POTATO ON THE GO BULLETIN (Movie):
It’s a tale that has endured for generations. Known by different names in myriad cultures dating at least as far back as the 12th century, its details have evolved with local lore and various retellings, but its power always lay in the way it played upon our love of heroes and our deepest fears. It was this fertile ground from which sprung New Line Cinema's big-screen adventure “Jack the Giant Slayer,” a familiar tale given new dimension, with freshly rendered characters that draw audiences into a larger world of peril and destiny.
“Essentially, it’s everything you remember—and more,” says Nicholas Hoult, who first worked with director Bryan Singer on “X-Men: First Class,” and stars in the title role. “We’re firing crossbows, zip-lining across huge divides, swinging from vines and dodging flaming trees that the giants uproot and hurl at us. You never know what to expect.”
Singer’s version begins faithfully with the classic arc of a poor, ordinary farmhand who accepts the unlikely barter of a handful of beans for his horse and soon finds himself in possession of a mighty beanstalk—a living, vertical highway that leads him into a land where giants roam. Though unprepared for the dangers that await him there, he rises to the challenge, relying not only on his strength but also on his wits and courage to face the man-eating monsters of nightmare.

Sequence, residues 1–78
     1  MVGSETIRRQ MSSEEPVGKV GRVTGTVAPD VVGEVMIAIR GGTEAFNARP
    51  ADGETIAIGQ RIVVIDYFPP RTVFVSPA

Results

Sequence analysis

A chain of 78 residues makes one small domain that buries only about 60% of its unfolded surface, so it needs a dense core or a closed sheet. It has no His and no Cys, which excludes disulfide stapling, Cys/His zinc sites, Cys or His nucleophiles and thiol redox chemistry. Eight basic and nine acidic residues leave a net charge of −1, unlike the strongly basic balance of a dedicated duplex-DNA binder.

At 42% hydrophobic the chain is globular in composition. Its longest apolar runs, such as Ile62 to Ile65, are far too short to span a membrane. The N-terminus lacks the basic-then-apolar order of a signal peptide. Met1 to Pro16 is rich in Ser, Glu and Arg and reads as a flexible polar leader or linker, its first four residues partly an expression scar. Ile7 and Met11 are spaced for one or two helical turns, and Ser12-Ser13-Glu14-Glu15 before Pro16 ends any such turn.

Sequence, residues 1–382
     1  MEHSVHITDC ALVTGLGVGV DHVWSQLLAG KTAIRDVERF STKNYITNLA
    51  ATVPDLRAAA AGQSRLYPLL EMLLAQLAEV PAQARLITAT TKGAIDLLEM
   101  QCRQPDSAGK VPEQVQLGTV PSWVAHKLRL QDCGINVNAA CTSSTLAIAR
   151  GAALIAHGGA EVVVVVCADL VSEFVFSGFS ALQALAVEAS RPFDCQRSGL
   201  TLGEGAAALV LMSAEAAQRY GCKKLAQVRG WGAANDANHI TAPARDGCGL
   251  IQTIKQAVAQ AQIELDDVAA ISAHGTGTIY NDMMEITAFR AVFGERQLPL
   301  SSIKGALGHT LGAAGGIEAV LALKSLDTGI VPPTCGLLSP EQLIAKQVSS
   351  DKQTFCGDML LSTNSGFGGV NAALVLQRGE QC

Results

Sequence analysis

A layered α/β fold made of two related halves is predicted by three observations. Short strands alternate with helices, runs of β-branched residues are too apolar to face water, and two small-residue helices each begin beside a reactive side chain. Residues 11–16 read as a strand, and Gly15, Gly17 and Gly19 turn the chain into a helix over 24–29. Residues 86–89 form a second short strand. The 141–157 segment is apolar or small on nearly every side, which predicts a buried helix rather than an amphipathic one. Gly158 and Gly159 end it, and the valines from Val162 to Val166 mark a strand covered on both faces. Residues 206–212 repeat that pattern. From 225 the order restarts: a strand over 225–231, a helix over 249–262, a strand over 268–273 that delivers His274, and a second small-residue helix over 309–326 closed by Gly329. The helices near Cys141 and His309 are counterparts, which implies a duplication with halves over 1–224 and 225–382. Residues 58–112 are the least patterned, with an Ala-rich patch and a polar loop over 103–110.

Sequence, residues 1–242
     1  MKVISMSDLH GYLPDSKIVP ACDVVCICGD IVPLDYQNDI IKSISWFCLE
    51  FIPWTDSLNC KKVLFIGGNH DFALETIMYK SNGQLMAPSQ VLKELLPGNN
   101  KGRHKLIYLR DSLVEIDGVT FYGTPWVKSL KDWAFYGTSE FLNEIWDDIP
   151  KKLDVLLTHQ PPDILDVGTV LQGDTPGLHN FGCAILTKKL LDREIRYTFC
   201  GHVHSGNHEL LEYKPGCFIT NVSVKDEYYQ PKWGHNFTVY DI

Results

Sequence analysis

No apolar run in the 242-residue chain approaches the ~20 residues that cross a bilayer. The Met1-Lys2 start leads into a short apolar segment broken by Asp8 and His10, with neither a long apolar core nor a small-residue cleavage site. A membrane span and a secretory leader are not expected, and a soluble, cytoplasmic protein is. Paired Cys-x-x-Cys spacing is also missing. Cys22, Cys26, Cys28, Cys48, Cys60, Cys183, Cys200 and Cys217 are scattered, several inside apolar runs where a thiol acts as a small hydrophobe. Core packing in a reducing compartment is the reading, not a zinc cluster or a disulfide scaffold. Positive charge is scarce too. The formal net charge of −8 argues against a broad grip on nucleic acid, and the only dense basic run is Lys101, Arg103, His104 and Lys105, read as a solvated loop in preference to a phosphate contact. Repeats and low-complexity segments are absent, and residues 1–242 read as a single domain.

Says Singer, “Jack is a young man who might have made more of himself if not for the fact that he was orphaned as a boy and had to go live with his uncle and work their plot of land. He probably wanted to be a hero once, but now he just dreams of getting off the farm.
“We needed a strong, charismatic leading man who could still convey the innocence of a guy like Jack, who knows very little about the world,” he continues. “Nick is not only a talented actor, he’s also very funny. So, through the course of the story, he was able to take Jack from being shy and vulnerable to becoming the champion he needs to be, and also handle the humor that comes of his figuring it out along the way.”
“Things never quite go as planned for Jack, but he always lands on his feet,” offers Hoult. “He’s a good person and he’s willing to try his best, and that’s really the point. When he falls for the princess and knows she’s in trouble, his only thought is to help.”
Hoult was named one of Variety’s “10 Actors to Watch” in 2010. His most recent screen appearance was as the character R in “Warm Bodies.”
He landed his breakout role in 2002 when he was only 11 years old, opposite Hugh Grant in the film “About a Boy,” as a young boy who will do whatever he can to make his chronically depressed mother happy, even if it causes himself grief.
A New Line Cinema presentation, in association with Legendary Pictures, “Jack the Giant Slayer” opens in the Philippines in IMAX 3D, Digital 3D and regular theaters on Feb. 28 and is distributed by Warner Bros. Pictures, a Warner Bros. Entertainment Company.